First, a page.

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Boston — The birthplace of the American Revolution

Slip back in time to the very founding of America. Walk over the bridge where the “shot hear around the world” was fired. Stand under the balcony where the Declaration of Independence was first read in Massachusetts in 1776. Visit the church where Paul Revere risked his life to warn his neighbors about the pending arrival of British troops.

If you’re a Revolutionary War buff, and even if you just love historical places, visiting Boston has to be on your Top 10 list. It’s wonderful that so much has been preserved for our generation to enjoy.

First on my list was Freedom Trail, a group of 16 historical sites that stretches from downtown Boston to the famed Bunker Hill.

Start in Boston Common, a beautiful 50-acre park that was established in 1634. Today it features a Victorian garden and lagoon where you can take a 15-minute guided pedalboat tour for a unique way to enjoy the city.

Before leaving, be sure to stop at Cheers Boston, the site of the popular 1980s TV show Cheers, located right across the street in Beacon Hill.

If you don’t visit Cheers, take the kiddos to the restrooms at the Frog Pond concession area. The Freedom Trail is a 2.5 mile hike, so packing extra water will help, too.

If visiting state capitals is your thing, you’re within walking distance of the Massachusetts State House. You can’t miss the giant copper dome at the top of Beacon Hill. As you pass, you’ll be walking on land once owned by John Hancock, the first signer of the Declaration of Independence.

The Park Street Church, which is also on Freedom Trail, is noteworthy because the first performance of “My Country Tis of Thee” was sung by a children’s choir in 1831. During the revolutionary period, the church’s steeple served as one of the tallest landmarks in the city greeting people as they arrived by horse or ship.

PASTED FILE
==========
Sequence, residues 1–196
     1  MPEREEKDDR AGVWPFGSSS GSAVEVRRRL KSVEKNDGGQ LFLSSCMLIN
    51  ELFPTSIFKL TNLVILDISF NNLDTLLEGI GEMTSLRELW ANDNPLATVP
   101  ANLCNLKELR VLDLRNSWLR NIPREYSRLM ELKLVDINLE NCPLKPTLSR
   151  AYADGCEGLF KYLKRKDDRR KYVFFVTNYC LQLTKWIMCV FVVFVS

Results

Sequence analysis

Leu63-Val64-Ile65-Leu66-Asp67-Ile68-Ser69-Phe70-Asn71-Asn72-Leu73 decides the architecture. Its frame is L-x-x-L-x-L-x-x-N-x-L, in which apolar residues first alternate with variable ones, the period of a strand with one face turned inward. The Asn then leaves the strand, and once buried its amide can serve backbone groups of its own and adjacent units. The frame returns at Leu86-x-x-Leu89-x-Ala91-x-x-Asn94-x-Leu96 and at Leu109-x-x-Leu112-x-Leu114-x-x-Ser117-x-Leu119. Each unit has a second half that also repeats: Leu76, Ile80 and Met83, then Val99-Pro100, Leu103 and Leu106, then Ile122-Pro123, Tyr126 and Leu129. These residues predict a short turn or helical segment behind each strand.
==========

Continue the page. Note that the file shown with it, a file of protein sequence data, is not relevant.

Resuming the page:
Kings burying ground

Because of Boston’s rich history, you’ll find many prominent people buried at The Granary. The old tombstones are very interesting for their inscriptions. Another nearby church, King’s Chapel, was ordered built by King James II. Its cemetery is the final resting place for many original colonists.

The Ben Franklin statute marks the site of the very first public school in America, which was established in 1635. It also notes the route to Franklin’s birthplace on Milk Street.

A must-see stop on the Freedom Trail is the Old South Meeting House, from where colonists marched to the harbor for the historic Boston Tea Party. Today, it is a museum full of interesting tidbits about the Revolutionary War. Admission is $6 for adults, and $1 for children 6 to 18.

Old State House

The balcony of the Old State House is where the Declaration of Independence was formally presented to the citizens of Boston. A cobblestone memorial at the front of the building commemorates the site of the Boston massacre. The Bostonian Society also offers guided tours of the museum and gallery. Admission is $10 for adults, and children under 18 are free.

Nearing the halfway point of the Miracle Mile, take time to relax at the famed Faneuil Hall. A popular revolutionary era gathering place as well as a major marketplace, today it still serves as a market and a great place to stop for a drink, a snack or a full meal. There are 14 restaurants and 36 food vendors inside the Quincy Market Colonnade. National Park rangers present historical talks every 30 minutes from 9 a.m. to 4:30 p.m.